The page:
This matter of seeing Mollenhauer or Simpson, or both, was important, anyhow, he thought; but before doing so he decided to talk it all over with Harper Steger. So several days after he had closed his doors, he sent for Steger and told him all about the transaction, except that he did not make it clear that he had not intended to put the certificates in the sinking-fund unless he survived quite comfortably.
Harper Steger was a tall, thin, graceful, rather elegant man, of gentle voice and perfect manners, who walked always as though he were a cat, and a dog were prowling somewhere in the offing. He had a longish, thin face of a type that is rather attractive to women. His eyes were blue, his hair brown, with a suggestion of sandy red in it. He had a steady, inscrutable gaze which sometimes came to you over a thin, delicate hand, which he laid meditatively over his mouth. He was cruel to the limit of the word, not aggressively but indifferently; for he had no faith in anything. He was not poor. He had not even been born poor. He was just innately subtle, with the rather constructive thought, which was about the only thing that compelled him to work, that he ought to be richer than he was—more conspicuous. Cowperwood was an excellent avenue toward legal prosperity. Besides, he was a fascinating customer. Of all his clients, Steger admired Cowperwood most.
"Let them proceed against you," he said on this occasion, his brilliant legal mind taking in all the phases of the situation at once. "I don't see that there is anything more here than a technical charge. If it ever came to anything like that, which I don't think it will, the charge would be embezzlement or perhaps larceny as bailee. In this instance, you were the bailee. And the only way out of that would be to swear that you had received the check with Stener's knowledge and consent. Then it would only be a technical charge of irresponsibility on your part, as I see it, and I don't believe any jury would convict you on the evidence of how this relationship was conducted. Still, it might; you never can tell what a jury is going to do. All this would have to come out at a trial, however. The whole thing, it seems to me, would depend on which of you two—yourself or Stener—the jury would be inclined to believe, and on how anxious this city crowd is to find a scapegoat for Stener. This coming election is the rub. If this panic had come at any other time—"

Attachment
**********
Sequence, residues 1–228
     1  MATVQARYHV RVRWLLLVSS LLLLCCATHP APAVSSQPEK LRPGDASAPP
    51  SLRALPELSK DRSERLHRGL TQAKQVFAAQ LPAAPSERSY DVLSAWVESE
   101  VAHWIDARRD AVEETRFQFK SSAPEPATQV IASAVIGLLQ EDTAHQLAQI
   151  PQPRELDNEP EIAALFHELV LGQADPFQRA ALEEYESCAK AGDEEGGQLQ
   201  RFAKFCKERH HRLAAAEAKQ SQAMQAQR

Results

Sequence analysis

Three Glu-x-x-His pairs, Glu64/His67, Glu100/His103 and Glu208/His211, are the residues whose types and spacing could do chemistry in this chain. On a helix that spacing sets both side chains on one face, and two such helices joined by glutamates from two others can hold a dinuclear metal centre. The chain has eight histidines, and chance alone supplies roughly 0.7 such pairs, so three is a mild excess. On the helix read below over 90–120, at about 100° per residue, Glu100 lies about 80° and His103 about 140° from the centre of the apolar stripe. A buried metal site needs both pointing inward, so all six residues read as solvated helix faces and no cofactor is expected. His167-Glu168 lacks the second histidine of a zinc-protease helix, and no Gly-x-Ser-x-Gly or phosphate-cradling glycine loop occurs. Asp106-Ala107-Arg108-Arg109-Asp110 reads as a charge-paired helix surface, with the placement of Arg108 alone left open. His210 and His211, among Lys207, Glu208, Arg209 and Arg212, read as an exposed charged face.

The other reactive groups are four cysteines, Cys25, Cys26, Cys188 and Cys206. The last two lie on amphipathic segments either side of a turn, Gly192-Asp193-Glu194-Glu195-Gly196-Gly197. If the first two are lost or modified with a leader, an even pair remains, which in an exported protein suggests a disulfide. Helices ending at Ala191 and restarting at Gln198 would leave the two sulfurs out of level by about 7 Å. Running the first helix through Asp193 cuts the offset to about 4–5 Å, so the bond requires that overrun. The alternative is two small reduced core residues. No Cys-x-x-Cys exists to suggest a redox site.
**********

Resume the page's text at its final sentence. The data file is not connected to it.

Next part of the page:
Cowperwood waved for silence. He knew all about that. "It all depends on what the politicians decide to do. I'm doubtful. The situation is too complicated. It can't be hushed up." They were in his private office at his house. "What will be will be," he added.
"What would that mean, Harper, legally, if I were tried on a charge of larceny as bailee, as you put it, and convicted? How many years in the penitentiary at the outside?"
Steger thought a minute, rubbing his chin with his hand. "Let me see," he said, "that is a serious question, isn't it? The law says one to five years at the outside; but the sentences usually average from one to three years in embezzlement cases. Of course, in this case—"
"I know all about that," interrupted Cowperwood, irritably. "My case isn't any different from the others, and you know it. Embezzlement is embezzlement if the politicians want to have it so." He fell to thinking, and Steger got up and strolled about leisurely. He was thinking also.
"And would I have to go to jail at any time during the proceedings—before a final adjustment of the case by the higher courts?" Cowperwood added, directly, grimly, after a time.
"Yes, there is one point in all legal procedure of the kind," replied Steger, cautiously, now rubbing his ear and trying to put the matter as delicately as possible. "You can avoid jail sentences all through the earlier parts of a case like this; but if you are once tried and convicted it's pretty hard to do anything—as a matter of fact, it becomes absolutely necessary then to go to jail for a few days, five or so, pending the motion for a new trial and the obtaining of a certificate of reasonable doubt. It usually takes that long."
The young banker sat there staring out of the window, and Steger observed, "It is a bit complicated, isn't it?"
"Well, I should say so," returned Frank, and he added to himself: "Jail! Five days in prison!" That would be a terrific slap, all things considered. Five days in jail pending the obtaining of a certificate of reasonable doubt, if one could be obtained! He must avoid this! Jail! The penitentiary! His commercial reputation would never survive that.